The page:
The SAT is more than a test to be studied for. It is an important tool in the progression of a high schooler into college. It is designed to assess a students comprehensive ability to understand and interpret material. It is not designed to be studied for. It is designed to be lived up to. That sounds scary, but if parents and teachers see in their student a desire to do well on the SAT then they should be more focused on preparing themselves and that student for the consequences of the score than on achieving one they think is satisfactory. The best preparation for the SAT is the student’s lifetime of reading, writing and problem solving. Students with a love for learning, especially reading, have the best chance of scoring well and then being prepared for where their scores can take them.
SAT Prep courses are an interesting concept, but are more likely to provide a student with emotional confidence than score boosting mental prowess. No course measured in weeks can make a real dent. Their is no information in the SAT which can be learned. There are only skills. All the information you need to answer the reading section questions will be provided in the reading. For example, there are no critical reading sections which will discuss President’s Reagan’s administration and then expect you to know off the top of your head in what year he was sworn in. The test is about knowing how to find answers within the information you read and then drawing conclusions from it.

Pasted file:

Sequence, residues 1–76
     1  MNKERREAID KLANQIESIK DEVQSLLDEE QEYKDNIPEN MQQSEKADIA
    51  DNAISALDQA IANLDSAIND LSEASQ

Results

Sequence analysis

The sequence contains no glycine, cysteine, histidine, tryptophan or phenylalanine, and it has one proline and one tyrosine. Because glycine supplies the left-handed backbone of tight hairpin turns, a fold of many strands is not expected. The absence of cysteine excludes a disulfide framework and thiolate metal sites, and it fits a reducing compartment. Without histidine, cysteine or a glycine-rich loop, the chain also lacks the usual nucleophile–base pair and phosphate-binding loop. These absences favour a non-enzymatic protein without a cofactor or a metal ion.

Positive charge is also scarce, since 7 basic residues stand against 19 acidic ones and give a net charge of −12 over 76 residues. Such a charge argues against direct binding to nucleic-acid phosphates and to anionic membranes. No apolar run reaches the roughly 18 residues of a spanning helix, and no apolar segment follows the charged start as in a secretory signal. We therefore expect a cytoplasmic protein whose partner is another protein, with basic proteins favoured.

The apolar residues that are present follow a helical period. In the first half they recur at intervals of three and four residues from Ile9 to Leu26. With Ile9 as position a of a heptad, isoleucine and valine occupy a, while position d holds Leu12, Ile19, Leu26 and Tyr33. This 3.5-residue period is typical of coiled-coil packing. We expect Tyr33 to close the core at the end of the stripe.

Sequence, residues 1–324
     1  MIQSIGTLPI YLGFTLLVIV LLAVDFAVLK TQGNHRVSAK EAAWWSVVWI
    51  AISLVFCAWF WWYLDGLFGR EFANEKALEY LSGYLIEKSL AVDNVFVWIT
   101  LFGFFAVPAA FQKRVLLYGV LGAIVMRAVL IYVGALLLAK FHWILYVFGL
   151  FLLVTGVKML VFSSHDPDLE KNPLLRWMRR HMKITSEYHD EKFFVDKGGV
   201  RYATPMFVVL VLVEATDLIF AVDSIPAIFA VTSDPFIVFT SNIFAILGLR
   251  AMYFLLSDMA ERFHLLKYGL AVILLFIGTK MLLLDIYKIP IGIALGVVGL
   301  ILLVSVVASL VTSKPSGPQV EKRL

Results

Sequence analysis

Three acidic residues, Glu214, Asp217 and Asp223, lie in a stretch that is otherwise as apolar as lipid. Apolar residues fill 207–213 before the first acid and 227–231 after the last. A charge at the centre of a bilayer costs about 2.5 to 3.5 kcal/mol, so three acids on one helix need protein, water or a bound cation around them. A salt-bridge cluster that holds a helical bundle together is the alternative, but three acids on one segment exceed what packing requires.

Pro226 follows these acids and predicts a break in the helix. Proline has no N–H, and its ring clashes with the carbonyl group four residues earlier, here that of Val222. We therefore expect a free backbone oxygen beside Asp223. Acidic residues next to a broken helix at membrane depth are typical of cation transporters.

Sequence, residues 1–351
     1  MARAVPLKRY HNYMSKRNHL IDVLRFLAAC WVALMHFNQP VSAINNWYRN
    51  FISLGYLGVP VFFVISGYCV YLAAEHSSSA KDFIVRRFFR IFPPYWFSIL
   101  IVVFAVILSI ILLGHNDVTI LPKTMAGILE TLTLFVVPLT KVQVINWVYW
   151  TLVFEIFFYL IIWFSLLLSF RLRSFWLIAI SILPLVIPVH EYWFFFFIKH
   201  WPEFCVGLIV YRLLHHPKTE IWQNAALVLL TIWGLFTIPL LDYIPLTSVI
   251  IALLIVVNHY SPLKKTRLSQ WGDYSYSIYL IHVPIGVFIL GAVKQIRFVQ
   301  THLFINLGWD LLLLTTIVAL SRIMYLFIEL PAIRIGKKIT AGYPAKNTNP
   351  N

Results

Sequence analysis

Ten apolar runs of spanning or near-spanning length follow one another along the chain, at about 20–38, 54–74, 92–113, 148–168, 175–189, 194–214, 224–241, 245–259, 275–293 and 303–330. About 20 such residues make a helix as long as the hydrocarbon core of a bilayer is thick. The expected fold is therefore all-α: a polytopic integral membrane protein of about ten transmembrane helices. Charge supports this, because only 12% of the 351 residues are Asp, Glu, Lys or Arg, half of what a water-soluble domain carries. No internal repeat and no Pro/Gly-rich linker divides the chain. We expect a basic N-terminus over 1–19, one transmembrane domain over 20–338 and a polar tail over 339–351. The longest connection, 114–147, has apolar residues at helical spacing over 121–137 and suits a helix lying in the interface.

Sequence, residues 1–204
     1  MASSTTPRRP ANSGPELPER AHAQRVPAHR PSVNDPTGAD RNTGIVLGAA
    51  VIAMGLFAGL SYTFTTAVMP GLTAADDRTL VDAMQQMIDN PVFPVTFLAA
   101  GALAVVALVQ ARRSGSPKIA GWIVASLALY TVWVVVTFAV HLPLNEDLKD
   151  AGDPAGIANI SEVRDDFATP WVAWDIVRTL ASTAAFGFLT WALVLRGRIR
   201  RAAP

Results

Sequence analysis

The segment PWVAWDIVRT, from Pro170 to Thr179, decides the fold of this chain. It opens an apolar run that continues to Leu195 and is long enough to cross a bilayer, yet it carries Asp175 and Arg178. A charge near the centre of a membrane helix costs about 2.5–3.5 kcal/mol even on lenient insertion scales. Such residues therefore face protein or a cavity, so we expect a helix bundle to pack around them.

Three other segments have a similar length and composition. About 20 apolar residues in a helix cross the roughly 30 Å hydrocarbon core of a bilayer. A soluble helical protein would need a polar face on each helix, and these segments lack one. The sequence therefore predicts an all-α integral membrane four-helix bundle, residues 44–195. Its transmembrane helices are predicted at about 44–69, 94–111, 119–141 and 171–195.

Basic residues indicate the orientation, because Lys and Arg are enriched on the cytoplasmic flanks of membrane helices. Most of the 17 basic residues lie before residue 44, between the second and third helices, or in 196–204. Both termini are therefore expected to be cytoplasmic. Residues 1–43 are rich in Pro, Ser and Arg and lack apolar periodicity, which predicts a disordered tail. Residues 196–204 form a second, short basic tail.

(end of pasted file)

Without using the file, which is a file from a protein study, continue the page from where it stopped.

Good reading habits are the best preparation. Good writing puts demands on the mind to stretch and reach for comprehension. Literature, poetry, history and science as found in the written word will all develop the skills necesary for the SAT tests. Read for fun. Doing puzzles such as crosswords and sudoku will develop your mental capacity. If you’re looking for last minute preparation tools those puzzles aren’t bad last minute options. They can give you a crash course in concentration and number two pencil use.
If you’re reading this article with the SAT coming up next month or week or tomorrow and feel frustrated by the possibility that you have not prepard yourself with the kind of lifelong learningI’ve described then my advice is even more basic. Calm down and get a few nights good sleep before hand if your schedule can afford it. Most people know more than they think. When you find yourself sitting in front of the test’s brown recycled pages with your freshly sharpened number two pencil, take in the words of the test and look for the common sense answer. The questions are not meant to trick you. And never forget that you can always take it again and colleges only have acces to your highest combined scores. if you didn’t feel comfortable the first time you’ll feel like an expert the second time. If you do better on the math than the reading the first time (or vice versa) you can keep your math score the second time around and try to improve the reading. If you are determined to be comfortable the first time around then find some practice exams online. They won’t necesarliy teach you much, but they’ll let you know the format and the layout beforehand.
Start reading young, calm down when you’re in the test and do not under any circumstances get discouraged by reports of the difficulty of the test. It is a daunting challenge, but you have the combined experience of every conversation you’ve ever had, all the reading you’ve ever done and all the academics you’ve ever been subjected to.